“The oral traditions of the Aboriginal people taught them from an early age the art of listening and remembering”, says Nyoongar Elder Rosemary van den Berg, PhD, of the south-west people in Western Australia, in a paper titled “Aboriginal Storytelling and Writing”. Among other things, her paper explores the different roles storytelling played/plays in traditional times and contemporary times, and talks about the legacy of traditional stories transcribed into the written word. To illustrate the latter, she uses as an example a story about the Nyoongar sacred serpent (the Wagyl or Waakal) told by two different generations and gender of Nyoongar people. I encourage you to read the paper and the two versions of the story (they’re not long).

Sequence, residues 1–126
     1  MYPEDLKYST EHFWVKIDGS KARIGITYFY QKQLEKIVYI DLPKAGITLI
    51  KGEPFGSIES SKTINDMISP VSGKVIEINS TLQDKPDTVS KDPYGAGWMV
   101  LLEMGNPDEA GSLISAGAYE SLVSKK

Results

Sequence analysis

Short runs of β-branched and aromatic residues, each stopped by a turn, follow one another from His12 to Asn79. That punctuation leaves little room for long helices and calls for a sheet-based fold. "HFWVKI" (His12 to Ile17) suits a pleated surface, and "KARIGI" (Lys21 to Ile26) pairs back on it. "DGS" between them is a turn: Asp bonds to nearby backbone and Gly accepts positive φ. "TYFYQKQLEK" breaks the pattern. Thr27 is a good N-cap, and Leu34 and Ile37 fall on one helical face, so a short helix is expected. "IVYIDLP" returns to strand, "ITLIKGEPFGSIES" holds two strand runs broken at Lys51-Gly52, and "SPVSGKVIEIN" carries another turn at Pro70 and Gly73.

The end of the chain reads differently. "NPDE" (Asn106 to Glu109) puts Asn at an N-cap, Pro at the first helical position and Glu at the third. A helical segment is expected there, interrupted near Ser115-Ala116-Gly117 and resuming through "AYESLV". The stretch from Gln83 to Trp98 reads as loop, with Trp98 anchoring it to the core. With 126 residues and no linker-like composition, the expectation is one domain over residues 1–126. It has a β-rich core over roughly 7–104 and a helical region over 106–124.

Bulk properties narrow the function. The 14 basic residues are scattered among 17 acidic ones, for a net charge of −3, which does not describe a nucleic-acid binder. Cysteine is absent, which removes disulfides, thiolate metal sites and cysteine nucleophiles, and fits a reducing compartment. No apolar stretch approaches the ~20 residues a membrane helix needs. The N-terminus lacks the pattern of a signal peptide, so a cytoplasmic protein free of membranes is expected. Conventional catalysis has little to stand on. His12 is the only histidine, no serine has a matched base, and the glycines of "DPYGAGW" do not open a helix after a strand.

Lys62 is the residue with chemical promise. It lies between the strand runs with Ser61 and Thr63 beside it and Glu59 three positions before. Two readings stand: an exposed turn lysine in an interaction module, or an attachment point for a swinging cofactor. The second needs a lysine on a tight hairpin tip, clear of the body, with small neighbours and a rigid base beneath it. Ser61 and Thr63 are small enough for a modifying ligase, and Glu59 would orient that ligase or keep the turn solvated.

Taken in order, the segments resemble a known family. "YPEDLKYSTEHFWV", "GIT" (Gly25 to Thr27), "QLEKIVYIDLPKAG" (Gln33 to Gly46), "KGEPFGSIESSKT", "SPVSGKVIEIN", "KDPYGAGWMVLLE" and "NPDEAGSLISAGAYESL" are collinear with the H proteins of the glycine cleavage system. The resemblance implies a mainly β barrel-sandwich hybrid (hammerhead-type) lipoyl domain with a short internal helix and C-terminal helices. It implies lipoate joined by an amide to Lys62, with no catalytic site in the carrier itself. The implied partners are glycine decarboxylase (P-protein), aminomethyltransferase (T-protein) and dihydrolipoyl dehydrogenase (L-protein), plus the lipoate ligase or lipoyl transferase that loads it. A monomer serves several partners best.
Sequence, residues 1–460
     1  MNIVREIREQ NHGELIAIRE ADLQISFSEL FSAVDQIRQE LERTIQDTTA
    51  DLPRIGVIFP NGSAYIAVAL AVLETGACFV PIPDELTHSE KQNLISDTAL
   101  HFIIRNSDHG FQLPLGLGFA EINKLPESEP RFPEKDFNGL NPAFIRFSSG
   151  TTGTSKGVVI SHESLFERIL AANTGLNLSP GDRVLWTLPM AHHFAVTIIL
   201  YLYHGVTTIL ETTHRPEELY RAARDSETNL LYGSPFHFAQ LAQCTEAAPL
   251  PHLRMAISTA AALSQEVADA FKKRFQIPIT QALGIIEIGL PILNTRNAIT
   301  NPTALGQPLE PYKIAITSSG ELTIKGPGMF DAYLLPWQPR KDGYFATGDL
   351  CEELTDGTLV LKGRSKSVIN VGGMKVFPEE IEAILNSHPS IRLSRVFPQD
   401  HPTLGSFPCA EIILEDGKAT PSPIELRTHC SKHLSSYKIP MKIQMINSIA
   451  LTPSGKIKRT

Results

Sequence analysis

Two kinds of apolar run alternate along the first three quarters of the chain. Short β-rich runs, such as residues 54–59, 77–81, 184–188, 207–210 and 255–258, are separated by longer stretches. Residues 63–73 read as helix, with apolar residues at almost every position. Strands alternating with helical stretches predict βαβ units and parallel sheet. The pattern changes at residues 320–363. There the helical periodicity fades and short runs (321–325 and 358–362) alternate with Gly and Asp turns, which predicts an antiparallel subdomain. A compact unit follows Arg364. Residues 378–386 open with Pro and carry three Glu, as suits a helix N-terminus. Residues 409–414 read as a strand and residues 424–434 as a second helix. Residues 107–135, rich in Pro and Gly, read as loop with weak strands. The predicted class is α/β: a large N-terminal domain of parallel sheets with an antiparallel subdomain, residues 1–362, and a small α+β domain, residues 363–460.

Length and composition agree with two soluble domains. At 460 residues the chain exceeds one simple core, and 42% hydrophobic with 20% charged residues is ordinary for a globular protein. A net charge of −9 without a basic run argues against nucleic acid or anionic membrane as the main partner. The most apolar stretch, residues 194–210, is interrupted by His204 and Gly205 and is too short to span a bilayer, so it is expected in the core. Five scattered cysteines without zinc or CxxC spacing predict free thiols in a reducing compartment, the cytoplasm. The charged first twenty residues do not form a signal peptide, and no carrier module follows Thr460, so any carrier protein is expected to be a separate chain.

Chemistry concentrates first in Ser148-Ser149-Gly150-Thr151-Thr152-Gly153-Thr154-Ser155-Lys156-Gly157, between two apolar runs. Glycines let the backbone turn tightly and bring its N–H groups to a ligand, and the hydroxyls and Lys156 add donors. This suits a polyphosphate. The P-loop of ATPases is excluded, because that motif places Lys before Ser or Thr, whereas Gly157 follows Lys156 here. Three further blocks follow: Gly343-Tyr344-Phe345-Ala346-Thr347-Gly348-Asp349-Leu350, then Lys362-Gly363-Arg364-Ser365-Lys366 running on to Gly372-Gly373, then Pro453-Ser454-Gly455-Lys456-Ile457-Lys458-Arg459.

The first version is by a Whadjuck/Balardong man who was the Keeper of the Stories, the late Mr Tom Bennell; the second is by a Nyoongar woman, Mrs Dorothy Winmar. Dr van den Berg notes about the two versions that she transcribed herself: “Tom Bennell, The Keeper of the Stories, gives an in-depth, very detailed telling. His generation of Nyoongars were more attuned to their old people and lived more closely with the Dreamtime stories that were a part of Nyoongar life back in the early and middle decades of the twentieth century. Mrs Winmar’s version is more contemporary, makes more use of the English language and uses less Nyoongar words.” Then she goes on to ask: “Whose story is more authentic?”
Questions of authenticity in relation to literature are often tricky. In this case, it’s tempting to (more…)